Three months after Nielsen pulled the plug on Live ratings in local markets and replaced it with Live + Same Day, there have been few signs that the change in currency has caused any seismic shifts in the planning and buying of TV time. In fact, new research from Janice Finkel-Green, evp and director of buying analytics for Magna Global, indicates that so far, Live + Same Day has not led to inflated rates or ratings, nor an exodus of advertisers from the medium.
That doesn’t mean that some big agencies, some of which still oppose Nielsen’s decision, wouldn’t like the clock turned back. Critics could turn up the heat on Nielsen this week during Nielsen’s Consumer 360 Conference in Las Vegas.
Now that the Nielsen’s decision seems fait accompli, most of the discussion is turning to how to deal with the new metrics. In late April, the 4As media policy and local TV and radio committees suggested some guidelines for buying and posting using Live + SD data.
Finkel-Greene, one of the few agency execs that has supported Nielsen’s decision to change to Live + SD as the primary TV currency, has continued to research the issue, which has been expanded to include three survey periods and more than 300,000 data points.
“I’m not sure what the big fear [over Live + SD] is. It’s a better indicator of what people are watching. It’s not inflating costs,” Finkel-Greene said.
When it comes to local TV inventory, it may be more about market conditions than ratings levels. In analyzing SQAD data for December, January and February, Finkel-Greene found that rates did not go up in daytime and in prime, as most had expected. Instead, the highest rate bumps were in early and late news, due to the pressure on demand from political, big advertisers in newscasts.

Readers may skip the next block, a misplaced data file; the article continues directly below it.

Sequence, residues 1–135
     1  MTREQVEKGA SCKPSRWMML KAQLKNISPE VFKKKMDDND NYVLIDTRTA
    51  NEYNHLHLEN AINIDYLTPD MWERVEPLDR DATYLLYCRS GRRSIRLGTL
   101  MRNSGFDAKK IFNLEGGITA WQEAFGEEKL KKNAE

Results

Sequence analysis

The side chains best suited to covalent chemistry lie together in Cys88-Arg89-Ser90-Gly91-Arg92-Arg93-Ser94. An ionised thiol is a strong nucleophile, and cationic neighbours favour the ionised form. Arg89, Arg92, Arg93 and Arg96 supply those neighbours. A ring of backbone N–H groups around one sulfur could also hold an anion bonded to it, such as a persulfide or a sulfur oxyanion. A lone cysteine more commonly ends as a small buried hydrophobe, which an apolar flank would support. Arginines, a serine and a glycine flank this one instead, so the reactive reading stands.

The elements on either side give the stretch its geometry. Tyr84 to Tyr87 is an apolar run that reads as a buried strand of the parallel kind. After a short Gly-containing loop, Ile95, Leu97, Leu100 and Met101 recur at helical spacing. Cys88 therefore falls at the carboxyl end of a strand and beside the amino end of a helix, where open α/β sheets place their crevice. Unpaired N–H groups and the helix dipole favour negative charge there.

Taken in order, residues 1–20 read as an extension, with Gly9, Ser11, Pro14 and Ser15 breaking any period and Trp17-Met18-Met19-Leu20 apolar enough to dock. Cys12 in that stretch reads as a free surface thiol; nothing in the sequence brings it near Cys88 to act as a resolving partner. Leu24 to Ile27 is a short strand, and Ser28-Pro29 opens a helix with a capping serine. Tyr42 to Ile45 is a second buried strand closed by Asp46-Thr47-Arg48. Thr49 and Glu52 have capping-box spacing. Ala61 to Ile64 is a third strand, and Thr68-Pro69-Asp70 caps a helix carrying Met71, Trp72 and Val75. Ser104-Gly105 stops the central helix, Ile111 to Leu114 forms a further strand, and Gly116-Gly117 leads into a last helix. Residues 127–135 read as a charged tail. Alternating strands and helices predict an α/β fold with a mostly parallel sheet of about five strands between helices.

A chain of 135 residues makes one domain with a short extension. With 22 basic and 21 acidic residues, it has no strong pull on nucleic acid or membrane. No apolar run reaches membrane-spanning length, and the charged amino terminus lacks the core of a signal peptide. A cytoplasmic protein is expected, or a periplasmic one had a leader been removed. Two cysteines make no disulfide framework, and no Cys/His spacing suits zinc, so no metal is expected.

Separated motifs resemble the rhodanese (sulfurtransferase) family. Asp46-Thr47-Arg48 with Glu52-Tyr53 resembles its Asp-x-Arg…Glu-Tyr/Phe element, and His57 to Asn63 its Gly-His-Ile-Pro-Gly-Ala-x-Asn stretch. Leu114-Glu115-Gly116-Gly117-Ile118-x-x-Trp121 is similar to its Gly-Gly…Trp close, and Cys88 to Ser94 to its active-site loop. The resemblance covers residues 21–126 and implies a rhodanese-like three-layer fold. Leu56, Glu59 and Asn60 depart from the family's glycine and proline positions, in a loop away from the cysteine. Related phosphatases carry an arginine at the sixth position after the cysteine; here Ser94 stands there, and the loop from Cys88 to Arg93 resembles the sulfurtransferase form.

Unlike last year when advertisers could all but name their price, this year demand has picked up. In first quarter, local broadcast was up nearly 21 percent on spending increases across TV’s core categories. Adding to the pressure on inventory was political, up triple digits in the first six months estimated Val Napolitano, president and CEO of Petry Television. “The upfront sums it up: 7 to 10 percent CPM increases with 80 percent sold. That’s an incredibly good sign for spot,” Napolitano said.
According to Finkel-Green’s research, the statistical variability in the ratings estimates is likely to be higher than the percent ratings difference between Live and Live + D. Only a few prime time programs show big ratings bumps, for some, it can be as high as 10 to 20 percent. On average, there’s a 6 percent jump in prime time ratings.
Even Live ratings don’t mean that commercials are being viewed. “There seems to be a misconception in the industry that Live program ratings safeguard against commercial ad skipping, because there is no DVR playback included. However, channel surfing, which is included in the Live ratings, accounts for twice as much commercial ratings loss as fast-forwarding, even though half of the recorded ads are skipped,” Finkel-Greene said.
As for fast-forwarding in Live + SD, Finkel-Greene said it doesn’t represent a significant part of the ratings. Only prime is at issue, and only some prime programs warrant special attention, such as Survivor, American Idol, Chuck, Grey’s Anatomy, and Glee.
But all the changes should be addressed via cost adjustments, not by adjusting ratings.
“Buyers should adjust the CPP, not the ratings and keep it in negotiations.
Of course, the entire debate could be moot if Nielsen and the TV industry figures out how to produce commercial ratings for local markets.
“Ratings are directional and quibbling over decimal points is not the way to go. We need to figure out how to get commercial ratings,” Finkel-Greene said.